NATO Gathers for Emergency Session Amid U.S. Demands

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President Donald Trump roiled allies during the first day of the NATO summit in Brussels.

President Donald Trump roiled allies during the first day of the NATO summit in Brussels.


Photo:

Jaap Arriens/Zuma Press

BREAKING NEWS:

*President Trump Speaks after Contentious NATO Meeting

*Trump: We Accomplished A Lot With Respect to NATO

*Trump: United States Commitment to NATO is ‘Very Strong’

*Trump: I Hope We Will be Able to Get Along With Russia

*Trump: I told People I’d be Very Unhappy If They Didn’t Up their Commitments Very Substantially

*Trump: We Have A Very Powerful NATO

*Trump: The United States Was not Being Treated Fairly Within NATO ‘But Now We Are’

*Trump: ‘I believe in NATO’

(EARLIER TODAY:)

BRUSSELS—The NATO secretary-general ordered an emergency session on Thursday after President

Donald Trump

delivered heated remarks at a meeting of allied leaders in which he demanded members immediately meet the 2% military spending target set for 2024, according to diplomats and people familiar with the matter.

In a tense meeting expected to focus on Georgia and Ukraine, Mr. Trump swiftly changed the subject to military spending and warned allies that if they didn’t immediately meet the 2% goal, “I’ll do my own thing,” diplomats said. It was unclear to people in the room whether that was a threat to leave the alliance or to change the U.S. role in it.

In a lengthy tirade, Mr. Trump launched into a personal attack on Belgium and Germany’s military spending, according to one of the people familiar with the discussion. “I’m not happy,” he said, according to the person. He told allies that he wanted them to immediately meet the spending goal, or at least commit to a date now when they would do so.

The White House didn’t immediately respond to a request for comment.

After Mr. Trump’s comments, NATO Secretary General

Jens Stoltenberg

postponed the summit program for the remainder of the day and called an emergency session, where heads of state, joined by only one other official of their delegation, are discussing burden sharing. The session doesn’t explicitly reopen the joint declaration the leaders agreed to issue on Wednesday.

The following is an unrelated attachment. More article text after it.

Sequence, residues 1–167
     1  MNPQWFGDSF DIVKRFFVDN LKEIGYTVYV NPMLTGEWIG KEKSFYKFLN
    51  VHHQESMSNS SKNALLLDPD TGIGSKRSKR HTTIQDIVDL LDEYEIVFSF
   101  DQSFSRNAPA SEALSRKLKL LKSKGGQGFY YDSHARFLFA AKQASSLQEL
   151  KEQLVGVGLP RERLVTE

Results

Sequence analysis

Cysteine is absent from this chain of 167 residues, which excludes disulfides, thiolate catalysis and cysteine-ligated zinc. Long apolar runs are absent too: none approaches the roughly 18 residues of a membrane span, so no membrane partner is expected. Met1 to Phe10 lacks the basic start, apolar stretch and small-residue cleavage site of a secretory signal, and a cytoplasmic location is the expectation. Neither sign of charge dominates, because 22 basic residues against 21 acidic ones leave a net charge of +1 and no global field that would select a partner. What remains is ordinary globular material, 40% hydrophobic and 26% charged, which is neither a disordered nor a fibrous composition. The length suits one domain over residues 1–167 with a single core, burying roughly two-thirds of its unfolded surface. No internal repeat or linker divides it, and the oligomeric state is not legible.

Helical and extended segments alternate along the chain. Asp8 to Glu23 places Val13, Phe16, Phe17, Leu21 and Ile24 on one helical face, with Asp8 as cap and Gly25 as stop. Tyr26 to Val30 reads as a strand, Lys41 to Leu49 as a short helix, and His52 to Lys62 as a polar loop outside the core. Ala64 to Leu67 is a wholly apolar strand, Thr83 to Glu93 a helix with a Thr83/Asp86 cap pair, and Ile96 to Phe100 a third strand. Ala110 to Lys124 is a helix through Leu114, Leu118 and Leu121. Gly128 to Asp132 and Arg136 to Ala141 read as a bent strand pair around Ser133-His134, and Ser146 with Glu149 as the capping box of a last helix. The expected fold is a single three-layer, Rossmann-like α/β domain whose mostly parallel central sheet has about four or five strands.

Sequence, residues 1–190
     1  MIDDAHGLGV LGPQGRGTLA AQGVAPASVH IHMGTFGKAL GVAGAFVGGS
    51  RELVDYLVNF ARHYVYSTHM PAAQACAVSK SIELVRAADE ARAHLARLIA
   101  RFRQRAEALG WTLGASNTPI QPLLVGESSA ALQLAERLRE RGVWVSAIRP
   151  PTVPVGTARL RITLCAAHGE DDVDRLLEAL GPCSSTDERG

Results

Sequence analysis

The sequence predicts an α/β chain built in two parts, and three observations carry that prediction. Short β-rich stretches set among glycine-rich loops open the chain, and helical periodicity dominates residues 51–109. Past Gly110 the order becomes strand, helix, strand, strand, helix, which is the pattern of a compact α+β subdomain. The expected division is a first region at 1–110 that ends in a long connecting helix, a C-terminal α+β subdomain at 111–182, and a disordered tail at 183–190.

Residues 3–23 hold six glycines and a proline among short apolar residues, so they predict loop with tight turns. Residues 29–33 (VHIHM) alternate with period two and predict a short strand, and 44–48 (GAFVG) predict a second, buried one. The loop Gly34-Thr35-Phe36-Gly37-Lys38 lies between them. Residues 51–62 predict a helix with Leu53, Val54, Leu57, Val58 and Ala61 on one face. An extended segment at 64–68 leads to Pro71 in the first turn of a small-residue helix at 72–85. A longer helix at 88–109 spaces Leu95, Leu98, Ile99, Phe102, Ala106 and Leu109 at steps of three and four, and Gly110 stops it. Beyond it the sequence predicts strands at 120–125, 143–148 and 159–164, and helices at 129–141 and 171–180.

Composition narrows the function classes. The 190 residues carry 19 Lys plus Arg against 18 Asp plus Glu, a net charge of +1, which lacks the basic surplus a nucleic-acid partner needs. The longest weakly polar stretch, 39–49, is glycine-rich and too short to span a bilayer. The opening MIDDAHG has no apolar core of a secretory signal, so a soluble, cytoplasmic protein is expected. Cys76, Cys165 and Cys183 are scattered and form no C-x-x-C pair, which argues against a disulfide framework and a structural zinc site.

Mr. Trump’s comments Thursday dramatically escalated what was already a tense summit, where he spent the first day pressuring allies to double the military spending target to 4% of GDP, accusing Germany of being “captive to Russia” over its support of a Russian gas project and criticizing European border policy as “BAD!”

The U.S. president was expected to meet individually with the leaders of Azerbaijan, Romania, Ukraine and Georgia, but arrived 30 minutes late to the summit and missed his first two scheduled meetings. It was unclear if those meetings would be rescheduled, or if the others would take place.

He is set to leave in the early afternoon for the U.K., where he will attend a gala dinner hosted by U.K. Prime Minister

Theresa May

in the evening and hold meetings on Friday with Mrs. May and Queen Elizabeth II. Mass protests are expected in London during his visit, and the U.S. embassy there has advised Americans to “keep a low profile.”

Mr. Trump spent much of the morning on Twitter reiterating his complaints about the alliance and urging member nations to raise the military spending target to 4%—up from 2%—of gross domestic product. The president raised the prospect of doubling the target in a meeting Wednesday with NATO leaders, who were perplexed about whether he was serious, according to Bulgarian President

Rumen Radev.

Later that day, the leaders—including Mr. Trump—issued a joint declaration agreeing to setting the 2% target for military spending by 2024.

“Presidents have been trying unsuccessfully for years to get Germany and other rich NATO Nations to pay more toward their protection from Russia. They pay only a fraction of their cost,” Mr. Trump tweeted Thursday. “The U.S. pays tens of Billions of Dollars too much to subsidize Europe, and loses Big on Trade!” He also continued to bash Germany over its support of a Baltic Sea pipeline project that has sparked discord within Europe and is splitting the alliance.

On Wednesday evening, at a working dinner for NATO leaders that was closed to reporters, Mr. Trump struck a more conciliatory tone, according to a European diplomat with direct knowledge of the conversations.

“It was much more consensual. He was not rocking the boat,” the diplomat said.

Still, the discord on display in the first day of the summit dismayed diplomats and some U.S. officials, who were eager for a show of unity ahead of Mr. Trump’s meeting with Russian President

Vladimir Putin

in Helsinki on Monday. At Wednesday’s dinner, Mr. Trump appeared reluctant to discuss his approach to the meeting, according to attendees of the dinner.

Much of the joint declaration NATO leaders issued Wednesday focuses on the alliance’s role as a defense against Russia, saying “aggressive actions” by the country had “reduced stability and security, increased unpredictability, and changed the security environment.”

Write to Rebecca Ballhaus at Rebecca.Ballhaus@wsj.com and Laurence Norman at laurence.norman@wsj.com

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